The Washington PostDemocracy Dies in Darkness

Opinion The unlearned lessons of Jamal Khashoggi’s murder

Saudi Crown Prince Mohammed bin Salman at the Pentagon on March 22. (Cliff Owen/AP)

THE SENATE’S bipartisan repudiation of President Trump’s policy toward Saudi Arabia this month was driven by disgust at the brutal murder of Jamal Khashoggi — and by Mr. Trump’s refusal to acknowledge that responsibility for it lay with the Saudi crown prince. But the vote also revealed that senators have drawn some conclusions from the Khashoggi affair that go beyond a refusal to accept the premeditated murder and dismemberment of a distinguished journalist.

The case has altered understanding of U.S. equities with Saudi Arabia and underlined the growing threat posed by regimes that lawlessly pursue their critics beyond their borders. Above all, the vote was a rejection of the crude nationalism espoused by Mr. Trump, according to which the United States would tolerate crimes such as the Khashoggi murder so long as the responsible regimes purchased U.S. weapons or offered other commercial favors.

Mr. Trump, who for decades was a harsh critic of Saudi Arabia, has pivoted to defending it as a “good ally” that helps stabilize the Middle East and the global oil market while helping to contain Iran. He has repeatedly said any response to the Khashoggi murder should not put at risk the $450 billion in total purchases and investments he claims the regime is offering, including $110 billion in weapons sales. As has been documented by The Post and other independent fact-checkers, Mr. Trump’s sales numbers are wildly inflated and unlikely to materialize. His preoccupation with deals raises the question of whether he has his own businesses in mind; since his election, the Saudis have been major patrons of Trump hotels.

Columnist David Ignatius and editor Karen Attiah remember Post contributor Jamal Khashoggi, who was murdered in the Saudi Consulate in Istanbul in October 2018. (Video: Gillian Brockell/The Washington Post, Photo: Courtesy of Hatice Cengiz/The Washington Post)

The larger truth is that, with Mohammed bin Salman as its de facto ruler, the kingdom has become a strategic liability to the United States. The crown prince has destabilized the region with his reckless adventurism, including the abduction of the pro-American Lebanese prime minister and a boycott of neighboring Qatar, which hosts the largest U.S. air base in the Middle East. His disastrous intervention in Yemen has strengthened Iran while triggering what the United Nations calls the world’s worst humanitarian crisis. His boasts to White House counselor Jared Kushner that he would help resolve the Israeli-Palestinian conflict while forming an “Arab NATO” have proved empty.

When the Saudi government tried to push up oil prices this month in contravention of Mr. Trump’s public lobbying, it was a reminder that it will pursue its own interests in producing and marketing oil, not those of any U.S. president. At the same time, Mr. Trump’s vintage-1980s view of the kingdom is contradicted by the 2018 fact that the United States, as the world’s largest crude oil producer, is less dependent than ever on the Middle East for energy. Saudi Arabia has so far failed to move the oil price and cannot seriously threaten U.S. supplies.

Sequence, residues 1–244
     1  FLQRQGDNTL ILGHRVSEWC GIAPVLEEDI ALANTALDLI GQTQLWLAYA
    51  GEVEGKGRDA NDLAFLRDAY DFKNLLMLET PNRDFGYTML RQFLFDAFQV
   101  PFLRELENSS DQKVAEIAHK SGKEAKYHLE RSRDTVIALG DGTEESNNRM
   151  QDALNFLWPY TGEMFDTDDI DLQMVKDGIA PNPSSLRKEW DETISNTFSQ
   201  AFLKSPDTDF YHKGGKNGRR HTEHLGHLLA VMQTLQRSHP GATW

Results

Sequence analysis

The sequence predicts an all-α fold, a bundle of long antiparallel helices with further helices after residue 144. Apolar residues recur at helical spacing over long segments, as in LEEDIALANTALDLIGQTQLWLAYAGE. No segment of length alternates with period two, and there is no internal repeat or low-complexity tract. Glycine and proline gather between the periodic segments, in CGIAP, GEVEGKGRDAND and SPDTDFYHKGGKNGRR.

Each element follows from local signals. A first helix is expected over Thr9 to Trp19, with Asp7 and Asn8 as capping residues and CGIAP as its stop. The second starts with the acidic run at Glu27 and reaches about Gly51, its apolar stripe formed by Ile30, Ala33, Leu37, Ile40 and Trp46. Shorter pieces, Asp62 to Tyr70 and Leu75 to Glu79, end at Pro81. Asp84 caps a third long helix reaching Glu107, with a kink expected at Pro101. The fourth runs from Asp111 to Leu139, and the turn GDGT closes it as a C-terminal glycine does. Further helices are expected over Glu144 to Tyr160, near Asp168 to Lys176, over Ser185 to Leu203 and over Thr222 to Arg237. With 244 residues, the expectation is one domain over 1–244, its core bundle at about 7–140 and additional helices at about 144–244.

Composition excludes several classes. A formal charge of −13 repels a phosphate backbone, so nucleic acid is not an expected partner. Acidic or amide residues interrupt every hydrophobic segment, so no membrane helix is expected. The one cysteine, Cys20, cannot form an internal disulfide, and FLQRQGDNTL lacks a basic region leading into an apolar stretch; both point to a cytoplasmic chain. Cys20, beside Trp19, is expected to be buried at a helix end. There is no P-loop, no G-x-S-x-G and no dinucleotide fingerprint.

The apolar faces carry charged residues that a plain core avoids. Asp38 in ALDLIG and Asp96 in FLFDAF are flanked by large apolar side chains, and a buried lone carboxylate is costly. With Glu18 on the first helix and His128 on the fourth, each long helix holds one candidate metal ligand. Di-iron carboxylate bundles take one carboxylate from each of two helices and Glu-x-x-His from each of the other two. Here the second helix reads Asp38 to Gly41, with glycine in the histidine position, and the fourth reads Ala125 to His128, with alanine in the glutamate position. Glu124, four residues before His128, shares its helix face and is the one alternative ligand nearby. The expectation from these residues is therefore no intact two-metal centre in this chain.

Follow Editorial Board's opinionsFollow

The Khashoggi murder, which occurred inside the Saudi Consulate in Istanbul, added impetus to a newer and more urgent threat — that of regimes taking their repression global. The Russian and Chinese autocracies have pioneered the practice of abducting and murdering domestic opponents even when they seek sanctuary abroad. Reporting by The Post’s David Ignatius shows that Mohammed bin Salman sought to adopt these dangerous tactics; several dissidents living outside Saudi Arabia were seized and sent to secret prisons before the Khashoggi killing.

So far, the democratic West has responded weakly to such aggressions. If the impunity continues, no exiled dissident will be safe and no Western capital immune from foreign hit squads. That’s one of the reasons imposing consequences on Mohammed bin Salman is more important than arms sales: The United States and other democracies will not thrive in the lawless world he would help to create.

In dismissing such concerns, Mr. Trump casts himself as a hard-nosed realist. He once suggested that the United States is as guilty as Vladi­mir Putin’s Russia of outrages such as the murder of journalists. As many senators recognized, that is a vile and dangerous lie. In fact, all modern U.S. presidents before Mr. Trump have promoted the rule of law and basic human rights. Even when the United States has supported dictators, it has sought to curb their excesses — and as the shah of Iran and former Egyptian president Hosni Mubarak might testify, it turned on a few who would not listen.

Mr. Trump would have the United States embrace a strain of realism in which U.S. values matter not at all. No outrage — even the dismemberment of a journalist inside a diplomatic facility — would signify so long as dollars flowed to U.S. arms-makers. The Senate was right to repudiate that poisonous and self-defeating doctrine. Now it should insist that relations with Saudi Arabia be reshaped to reflect a genuinely realistic assessment: that the United States does not need and should not sustain a relationship with the reckless tyrant who rules it.

Read more:

The Post’s View: The Senate’s resolution was a powerful repudiation of Saudi Arabia — and Trump

David Ignatius: The Khashoggi killing had roots in a cutthroat Saudi family feud

The Post’s View: To rescue Yemen, the U.S. must end all military support of the Saudi coalition

Noha Khashoggi and Razan Jamal Khashoggi: We are Jamal Khashoggi’s daughters. We promise his light will never fade.

Read Jamal Khashoggi’s columns for The Washington Post